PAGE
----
Failure 1: The weakest point in any system is the reliance on any third-party controls or software to perform a critical function.
Administrators will perform their due-diligence in locking-down any user access that they have created, but often fail to check, or even understand third-party systems that they give rights to — assuming that the third-party system will always behave.
This route of attack was remarkably simple, yet yielded a remarkable amount of access.
Step 1: find a dialog box
While the quicktime tutorials and the pdf e-text both opened in a custom reader, or at-least a custom shell of a known reader, the slides opened up right in a fully-featured Powerpoint session. I was a little surprised! I first went for the “open” button, which led to a “Unauthorized Function!” message. Good Job, guys. Open Recent and Save As were both dead-ends too.
“Let’s get creative,” I thought, and created a new document. That worked! I noticed that more of the ribbon appeared — I must have been looking at a read-only version of the math slides. Now I see more font control, as well as some shapes, as well as more buttons along the ribbon: Insert, Design, Animation, Slide Show, Review, View, and Format.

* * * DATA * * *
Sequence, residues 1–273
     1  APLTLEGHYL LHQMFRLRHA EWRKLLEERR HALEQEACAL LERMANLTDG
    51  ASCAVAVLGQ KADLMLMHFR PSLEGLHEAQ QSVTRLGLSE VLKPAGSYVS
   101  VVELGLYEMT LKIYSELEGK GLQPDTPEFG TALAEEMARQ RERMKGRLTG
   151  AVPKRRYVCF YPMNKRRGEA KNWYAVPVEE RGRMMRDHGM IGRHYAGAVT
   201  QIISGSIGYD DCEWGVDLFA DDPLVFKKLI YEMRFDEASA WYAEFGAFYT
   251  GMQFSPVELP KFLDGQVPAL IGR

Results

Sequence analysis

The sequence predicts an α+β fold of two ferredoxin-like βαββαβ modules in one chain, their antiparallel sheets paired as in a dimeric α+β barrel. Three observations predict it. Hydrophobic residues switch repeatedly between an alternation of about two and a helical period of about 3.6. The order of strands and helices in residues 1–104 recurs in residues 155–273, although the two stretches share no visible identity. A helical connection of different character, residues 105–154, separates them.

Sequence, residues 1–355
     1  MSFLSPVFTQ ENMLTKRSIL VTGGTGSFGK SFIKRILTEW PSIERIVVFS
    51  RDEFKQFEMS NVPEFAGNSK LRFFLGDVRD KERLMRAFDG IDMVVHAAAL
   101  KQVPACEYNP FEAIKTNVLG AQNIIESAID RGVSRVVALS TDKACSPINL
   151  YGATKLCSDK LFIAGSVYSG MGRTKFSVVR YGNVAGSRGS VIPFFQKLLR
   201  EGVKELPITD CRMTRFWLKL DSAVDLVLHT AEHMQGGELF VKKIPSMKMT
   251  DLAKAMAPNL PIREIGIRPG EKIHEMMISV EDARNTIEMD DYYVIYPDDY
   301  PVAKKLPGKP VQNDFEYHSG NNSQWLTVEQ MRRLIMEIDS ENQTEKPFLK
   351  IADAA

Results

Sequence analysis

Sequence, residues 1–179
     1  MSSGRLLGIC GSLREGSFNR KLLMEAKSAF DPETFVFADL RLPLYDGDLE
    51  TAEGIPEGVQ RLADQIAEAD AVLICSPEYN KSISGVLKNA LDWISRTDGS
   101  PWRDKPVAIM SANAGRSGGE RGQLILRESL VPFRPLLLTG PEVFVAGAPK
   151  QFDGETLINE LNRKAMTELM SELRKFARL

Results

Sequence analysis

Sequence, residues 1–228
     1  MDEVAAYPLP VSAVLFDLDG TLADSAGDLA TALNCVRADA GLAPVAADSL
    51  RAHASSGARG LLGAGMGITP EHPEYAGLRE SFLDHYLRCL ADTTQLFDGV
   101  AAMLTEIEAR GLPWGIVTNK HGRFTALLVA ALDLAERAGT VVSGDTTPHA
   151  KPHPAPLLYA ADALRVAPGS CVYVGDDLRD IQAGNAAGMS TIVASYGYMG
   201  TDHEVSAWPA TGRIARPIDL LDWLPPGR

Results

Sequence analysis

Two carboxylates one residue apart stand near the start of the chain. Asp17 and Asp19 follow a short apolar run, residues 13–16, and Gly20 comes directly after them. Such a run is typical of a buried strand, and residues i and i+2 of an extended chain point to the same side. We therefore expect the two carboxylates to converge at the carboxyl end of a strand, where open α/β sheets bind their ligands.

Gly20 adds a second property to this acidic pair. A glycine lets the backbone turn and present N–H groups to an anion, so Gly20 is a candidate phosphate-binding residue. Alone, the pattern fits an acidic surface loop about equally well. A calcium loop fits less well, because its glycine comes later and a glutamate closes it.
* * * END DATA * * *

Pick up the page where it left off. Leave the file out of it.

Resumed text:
The Insert tabs looked like a gold mine: insert videos, images, objects(ole I’m assuming), etc. Inserting an image finally led to my dialog box!
Step 2: Explore Access.
I held back my hopes as the Image dialog box opened for me. A couple things could still go wrong at this point: I might only have access to my sessions Documents and Settings Folder or the file-type could be restricted to images only. I held my breath and click on My Computer on the left of the dialog box…
Oh. My. Word.
To test out my permissions, I right-clicked, created a new text file, and then proceeded to delete that file. Success.
Failure 2: Giving the user write permissions to system critical files.
Now for a look around: C:/ had all the normal stuff: program files, windows, documents and settings.
The most I dared to do was to open one the the DLL files in program files/mymathlab with notepad and make a small change in a comment section, save it, and then change it back after checking to see if it worked. It did. I also had access to the host-file entries that prohibited any access servers other than mymathlab. Probably the most damning however, was my ability to open the command prompt, which allows nearly unrestricted access to the inner workings of the local network, as well as the local workstation.
Failure 3: The workstation user account had access to the command prompt.
After class, however, my inner white-hat prevailed, and I ended up telling my professor what I had found, who then nearly sprinted up to the CS support lab and dragged a tech down for me to walk through my simple exploit. And seeing as I gave CS support adequate warning about the exploit, I now have no qualms about sharing my story, because I’m sure its fixed by now!
The moral of my story? Don’t be a bad programmer, don’t rely on third-party software/controls for essential functions, and most of all: don’t try and lock-down students, it just makes them curious.